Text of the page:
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ONE PARK connects to the public right-of-way in four places. This is a reduction from the 18 entrances that currently exist. The entrances onto Lexington Road, Grinstead Drive, and Etley Avenue are proposed to have full traffic movements during most hours of the day. During peak traffic times, “No Left Turns” signs will be lit in the garage. The existing curb locations along Grinstead and Lexington will remain as they are for continuity of the current lane configurations.
Etley Avenue will be used as a main conduit into and out of the building. As highlighted in the Traffic Impact Study, improvements will be made at Etley and Lexington Road which include a signal for vehicles and pedestrians, and crosswalks to travel across Lexington Road. Through the Charrette process, neighbors highlighted their desire for a safe pedestrian crossing to the park at Grinstead and Etley. As a part of a review for a pedestrian signal, this project requests KYTC also review a well-timed, vehicular/pedestrian signal to safely allow left-turning movements at Grinstead and Etley and to improve pedestrian access from the Highlands to this development.
A TARC bus stop on the 25 Route (on the Grinstead side of ONE PARK) is shown along Grinstead Drive at the Piazza pedestrian space. The stop is pulled back from the corner to allow for better pedestrian visibility in the crosswalk. Crossing Grinstead for the stop going the other direction can occur at Lexington or at the requested crosswalk at Etley. TARC considers this block fully served by mass transit with this stop as it has sevenday service.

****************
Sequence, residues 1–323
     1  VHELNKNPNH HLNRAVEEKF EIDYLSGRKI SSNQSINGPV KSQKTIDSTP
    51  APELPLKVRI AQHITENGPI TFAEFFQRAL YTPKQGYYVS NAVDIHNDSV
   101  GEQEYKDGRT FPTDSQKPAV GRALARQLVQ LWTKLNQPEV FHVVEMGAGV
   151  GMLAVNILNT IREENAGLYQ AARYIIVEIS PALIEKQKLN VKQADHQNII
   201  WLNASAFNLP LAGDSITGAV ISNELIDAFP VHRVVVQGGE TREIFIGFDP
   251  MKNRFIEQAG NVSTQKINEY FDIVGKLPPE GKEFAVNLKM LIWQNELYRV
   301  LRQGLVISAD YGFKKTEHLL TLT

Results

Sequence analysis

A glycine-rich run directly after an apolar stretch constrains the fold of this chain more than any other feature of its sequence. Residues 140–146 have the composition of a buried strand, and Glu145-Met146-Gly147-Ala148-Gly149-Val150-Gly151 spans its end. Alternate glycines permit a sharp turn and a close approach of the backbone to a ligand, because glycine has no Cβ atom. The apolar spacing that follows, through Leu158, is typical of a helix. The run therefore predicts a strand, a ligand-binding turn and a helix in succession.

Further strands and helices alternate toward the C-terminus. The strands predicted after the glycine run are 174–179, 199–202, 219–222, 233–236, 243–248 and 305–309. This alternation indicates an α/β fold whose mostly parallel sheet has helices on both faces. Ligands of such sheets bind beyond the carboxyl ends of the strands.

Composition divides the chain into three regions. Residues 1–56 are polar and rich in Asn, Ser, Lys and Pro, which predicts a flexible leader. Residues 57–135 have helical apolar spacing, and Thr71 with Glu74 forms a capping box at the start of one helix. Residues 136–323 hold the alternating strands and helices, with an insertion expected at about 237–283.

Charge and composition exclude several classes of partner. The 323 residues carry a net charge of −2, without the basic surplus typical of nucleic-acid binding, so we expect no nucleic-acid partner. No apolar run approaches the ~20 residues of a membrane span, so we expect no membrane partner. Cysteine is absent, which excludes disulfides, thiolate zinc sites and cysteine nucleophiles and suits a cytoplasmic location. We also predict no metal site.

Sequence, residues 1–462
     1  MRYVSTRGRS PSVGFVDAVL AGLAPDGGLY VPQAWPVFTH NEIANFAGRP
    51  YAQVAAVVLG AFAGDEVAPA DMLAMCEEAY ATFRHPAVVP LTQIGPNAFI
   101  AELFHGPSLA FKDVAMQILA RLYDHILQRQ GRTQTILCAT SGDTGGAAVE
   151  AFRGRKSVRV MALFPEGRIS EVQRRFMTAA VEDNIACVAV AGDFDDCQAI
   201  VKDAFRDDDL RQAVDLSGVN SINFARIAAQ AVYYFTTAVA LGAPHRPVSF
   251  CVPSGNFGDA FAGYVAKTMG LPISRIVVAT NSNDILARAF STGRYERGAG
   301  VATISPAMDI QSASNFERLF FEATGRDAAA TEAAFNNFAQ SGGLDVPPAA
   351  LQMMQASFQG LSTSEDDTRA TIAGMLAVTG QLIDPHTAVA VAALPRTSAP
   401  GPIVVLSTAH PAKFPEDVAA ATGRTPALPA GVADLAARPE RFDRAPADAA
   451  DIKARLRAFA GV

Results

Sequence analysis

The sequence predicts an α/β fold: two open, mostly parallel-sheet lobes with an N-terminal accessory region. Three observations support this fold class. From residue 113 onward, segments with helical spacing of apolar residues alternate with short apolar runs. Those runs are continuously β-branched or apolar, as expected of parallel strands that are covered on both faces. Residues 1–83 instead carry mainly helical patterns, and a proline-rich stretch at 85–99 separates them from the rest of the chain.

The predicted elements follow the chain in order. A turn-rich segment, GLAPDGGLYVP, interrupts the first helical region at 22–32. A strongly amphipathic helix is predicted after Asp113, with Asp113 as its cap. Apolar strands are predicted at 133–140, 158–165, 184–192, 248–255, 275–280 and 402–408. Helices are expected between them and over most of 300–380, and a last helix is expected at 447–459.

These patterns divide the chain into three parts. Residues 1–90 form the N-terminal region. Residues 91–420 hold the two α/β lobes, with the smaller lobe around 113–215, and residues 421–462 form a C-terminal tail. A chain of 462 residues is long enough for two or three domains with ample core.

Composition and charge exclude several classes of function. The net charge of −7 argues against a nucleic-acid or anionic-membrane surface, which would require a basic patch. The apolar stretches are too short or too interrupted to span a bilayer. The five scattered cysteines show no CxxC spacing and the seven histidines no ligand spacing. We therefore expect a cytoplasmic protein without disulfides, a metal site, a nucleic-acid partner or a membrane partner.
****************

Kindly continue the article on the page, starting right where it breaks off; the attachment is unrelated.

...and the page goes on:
As a part of the Charrette process, the neighbors expressed a desire to have a TARC route along Lexington Road. This should be evaluated by TARC due to the recent additions of multi-family projects along Lexington Road such as Axis on Lexington and The Woods at Lexington Road, while connecting downtown to St. Matthews on a limited stop route. The shared car pick-up/drop-off spot on Lexington Road could serve as a TARC stop for eastbound buses.
Due to the anticipated changes in auto ownership and demographics, car sharing pickup/drop off spaces have been added at ONE PARK along Etley. A new pull off for TARC busses is on Grinstead near the pedestrian Piazza space.
It is the intent of ONE PARK to encourage alternate modes of transportation such as cycling. New bike paths were added on Lexington Road in September of 2017. Nearby bike lanes were added on Grinstead Drive in 2015. Beargrass Greenway appears on the other side of Lexington Road at the intersection of Lexington and Grinstead. Approximately 389 acres of Cherokee Park and 531 acres of Seneca Park are also located on the other side of Grinstead Drive from the site.
ONE PARK also encourages alternate modes such as bike shops, bike repair, short-term bike parking (bike racks) at street level, and long-term bike storage in the parking structure. Riding on the sidewalk, other than at the intersection of Lexington and Grinstead, is not allowed per city ordinance, but cyclists are encouraged to walk with their bikes on the sidewalks to the businesses. It has been contemplated that a sizable piece of creative public art could be placed in the City-owned space at the corner of Lexington and Grinstead that would incorporate significant bike parking with overhead rain shelter.